Electronic devices with reminders make sticking to diets easier

June 5, 2012 By Glenda Fauntleroy

There’s some good news for those trying to lose weight with the help of new apps on their mobile devices. They may actually work, says a new research study in the American Journal of Preventive Medicine.

“Our study provides evidence that ongoing contact through hand-held devices can be beneficial to individuals who are trying to lose weight,” said study author Mindi Styn, Ph.D., a research assistant professor of nursing and epidemiology at the University of Pittsburgh.

Past research has shown that self-monitoring one’s daily calorie intake and exercise may be the best way to make the necessary behavior changes to follow a regimen. The old method of writing it down in a paper diary can be tedious, however, so the new study looked at whether the technological advances of electronic devices have made it easier to stick with self-monitoring.

The researchers recruited 210 overweight or obese adults with body mass indexes between 27 and 43 who were randomly assigned to three different groups: self-monitoring with an electronic diary, self-monitoring with a device that provided feedback via a daily message, or self-monitoring with a paper diary. All participants had group counseling sessions on weight loss and set daily calorie intake and physical activity goals.

After 24 months, people who stuck to their diaries, be they electronic or paper, more than 60 percent of the time, lost more weight than those who self-monitored less than 30 percent of the time. But those using the device with feedback were more likely to stick to the daily self-monitoring and had the greatest weight loss, with an average of 2.3 percent.

Lawrence Cheskin, M.D., director of the Johns Hopkins Weight Management Center at Johns Hopkins’ Bloomberg School of Public Health in Baltimore said he encourages patients trying to to take advantage of tools that facilitate self-monitoring since it’s been shown to increase the likelihood of success.

“Applications that remind people of what they are trying to do and how to do it are potentially very helpful,” he added.

Though the researchers had anticipated a greater weight loss overall and greater differences between groups, they found the average weight loss among the three groups was about the same. Styn suggested that the self-monitoring software on the device they used was not as user-friendly as current apps on the market, which may have discouraged some participants.

Explore further: Overweight, obese adults use electronic device to stick to diet, exercise

More information: Burke LE, Styn MA, et al. Using mHealth technology to enhance self-monitoring for weight loss. American Journal of Preventive Medicine, June 2012.

Related Stories

Overweight, obese adults use electronic device to stick to diet, exercise

March 15, 2012
Overweight and obese adults who used an electronic diary program on a personal digital assistant did better at staying on diet and physical activity programs, researchers reported at the American Heart Association's Epidemiology ...

Losing weight, keeping it off might require distinct skill sets

July 5, 2011
A new study indicates that the practices that help people to lose weight and the practices that help them keep it off do not overlap much.

Technology can help shed pounds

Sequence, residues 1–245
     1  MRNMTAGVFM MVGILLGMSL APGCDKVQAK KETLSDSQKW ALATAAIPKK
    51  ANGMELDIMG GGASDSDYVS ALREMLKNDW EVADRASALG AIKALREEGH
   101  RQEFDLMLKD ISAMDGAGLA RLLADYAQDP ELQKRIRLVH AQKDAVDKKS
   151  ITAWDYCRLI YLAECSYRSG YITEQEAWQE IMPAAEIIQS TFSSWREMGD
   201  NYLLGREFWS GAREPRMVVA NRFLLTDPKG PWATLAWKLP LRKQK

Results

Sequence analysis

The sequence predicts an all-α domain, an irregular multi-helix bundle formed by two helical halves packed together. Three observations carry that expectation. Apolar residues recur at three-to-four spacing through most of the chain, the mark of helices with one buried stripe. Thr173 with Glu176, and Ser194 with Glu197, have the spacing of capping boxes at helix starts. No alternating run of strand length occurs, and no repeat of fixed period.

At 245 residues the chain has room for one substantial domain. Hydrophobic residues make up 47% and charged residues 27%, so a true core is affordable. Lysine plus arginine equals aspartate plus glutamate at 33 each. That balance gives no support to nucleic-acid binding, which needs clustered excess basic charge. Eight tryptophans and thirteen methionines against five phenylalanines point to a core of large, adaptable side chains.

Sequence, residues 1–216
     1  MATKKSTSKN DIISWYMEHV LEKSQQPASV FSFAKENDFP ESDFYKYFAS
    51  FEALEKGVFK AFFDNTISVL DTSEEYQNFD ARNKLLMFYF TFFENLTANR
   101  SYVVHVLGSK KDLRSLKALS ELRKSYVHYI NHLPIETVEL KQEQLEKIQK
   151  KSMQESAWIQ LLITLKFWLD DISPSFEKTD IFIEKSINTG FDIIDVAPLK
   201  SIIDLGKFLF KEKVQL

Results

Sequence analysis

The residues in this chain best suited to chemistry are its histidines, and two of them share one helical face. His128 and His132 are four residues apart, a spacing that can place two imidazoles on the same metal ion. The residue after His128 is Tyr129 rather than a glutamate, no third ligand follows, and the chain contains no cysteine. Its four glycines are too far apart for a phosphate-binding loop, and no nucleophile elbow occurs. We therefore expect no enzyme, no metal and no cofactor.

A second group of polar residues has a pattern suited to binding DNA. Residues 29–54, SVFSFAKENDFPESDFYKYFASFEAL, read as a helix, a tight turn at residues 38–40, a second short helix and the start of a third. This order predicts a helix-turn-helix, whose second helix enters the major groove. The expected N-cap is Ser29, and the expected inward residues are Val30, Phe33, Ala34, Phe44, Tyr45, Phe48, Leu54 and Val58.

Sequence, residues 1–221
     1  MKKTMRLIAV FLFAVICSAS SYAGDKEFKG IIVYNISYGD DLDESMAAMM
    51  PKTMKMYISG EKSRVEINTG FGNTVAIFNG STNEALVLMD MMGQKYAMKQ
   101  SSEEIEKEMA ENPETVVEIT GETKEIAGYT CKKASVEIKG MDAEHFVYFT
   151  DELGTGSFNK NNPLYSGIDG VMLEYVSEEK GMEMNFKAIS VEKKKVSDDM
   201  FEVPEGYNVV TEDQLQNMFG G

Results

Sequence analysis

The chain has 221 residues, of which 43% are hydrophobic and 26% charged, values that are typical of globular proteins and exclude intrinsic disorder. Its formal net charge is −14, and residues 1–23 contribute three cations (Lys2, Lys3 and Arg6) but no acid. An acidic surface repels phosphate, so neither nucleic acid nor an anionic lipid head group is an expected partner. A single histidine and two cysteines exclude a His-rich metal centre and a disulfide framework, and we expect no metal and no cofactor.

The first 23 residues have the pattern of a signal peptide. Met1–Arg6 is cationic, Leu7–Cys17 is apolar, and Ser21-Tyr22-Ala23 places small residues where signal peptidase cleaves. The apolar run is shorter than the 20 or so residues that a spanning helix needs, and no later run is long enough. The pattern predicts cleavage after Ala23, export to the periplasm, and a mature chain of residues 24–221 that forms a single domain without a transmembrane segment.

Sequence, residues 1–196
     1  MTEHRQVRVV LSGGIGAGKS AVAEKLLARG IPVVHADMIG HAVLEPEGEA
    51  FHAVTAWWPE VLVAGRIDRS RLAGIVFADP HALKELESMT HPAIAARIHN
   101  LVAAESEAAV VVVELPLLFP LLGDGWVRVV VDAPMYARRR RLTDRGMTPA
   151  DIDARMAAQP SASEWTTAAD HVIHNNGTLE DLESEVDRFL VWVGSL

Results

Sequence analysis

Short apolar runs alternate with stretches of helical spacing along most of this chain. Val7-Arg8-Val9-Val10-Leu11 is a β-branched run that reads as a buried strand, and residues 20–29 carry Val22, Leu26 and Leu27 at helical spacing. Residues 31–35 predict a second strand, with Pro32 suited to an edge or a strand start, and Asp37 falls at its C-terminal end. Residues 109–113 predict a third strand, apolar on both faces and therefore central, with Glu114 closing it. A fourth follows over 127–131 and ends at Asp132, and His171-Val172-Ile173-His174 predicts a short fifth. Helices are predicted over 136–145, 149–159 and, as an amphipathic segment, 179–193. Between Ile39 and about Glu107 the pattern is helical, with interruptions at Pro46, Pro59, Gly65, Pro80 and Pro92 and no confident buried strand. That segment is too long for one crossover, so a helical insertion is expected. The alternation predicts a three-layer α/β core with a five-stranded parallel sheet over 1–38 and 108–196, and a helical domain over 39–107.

July 6, 2011
(Medical Xpress) -- Anyone who has ever struggled to stick to a restricted diet knows that willpower alone is rarely a successful offense.

Dieting beats exercise for diabetes prevention, combination is best

August 30, 2011
Lifestyle changes that include dieting to lose weight and exercise can help prevent type 2 diabetes, but researchers were uncertain which element contributes more. A new study suggests that, in postmenopausal women at least, ...

Recommended for you

Amber-tinted glasses may provide relief for insomnia

December 15, 2017
How do you unwind before bedtime? If your answer involves Facebook and Netflix, you are actively reducing your chance of a good night's sleep. And you are not alone: 90 percent of Americans use light-emitting electronic devices, ...

Warning labels can help reduce soda consumption and obesity, new study suggests

December 15, 2017
Labels that warn people about the risks of drinking soda and other sugar-sweetened beverages can lower obesity and overweight prevalence, suggests a new Johns Hopkins Bloomberg School of Public Health study.

Office work can be a pain in the neck

December 15, 2017
Neck pain is a common condition among office workers, but regular workplace exercises can prevent and reduce it, a University of Queensland study has found.

Regular takeaways linked to kids' heart disease and diabetes risk factors

December 14, 2017
Kids who regularly eat take-away meals may be boosting their risk factors for heart disease and diabetes, suggests research published online in the Archives of Disease in Childhood.

Simulation model finds Cure Violence program and targeted policing curb urban violence

December 14, 2017
When communities and police work together to deter urban violence, they can achieve better outcomes with fewer resources than when each works in isolation, a simulation model created by researchers at the UC Davis Violence ...

One in five patients report discrimination in health care

December 14, 2017
Almost one in five older patients with a chronic disease reported experiencing health care discrimination of one type or another in a large national survey that asked about their daily experiences of discrimination between ...

0 comments

Please sign in to add a comment. Registration is free, and takes less than a minute. Read more

Click here to reset your password.
Sign in to get notified via email when new comments are made.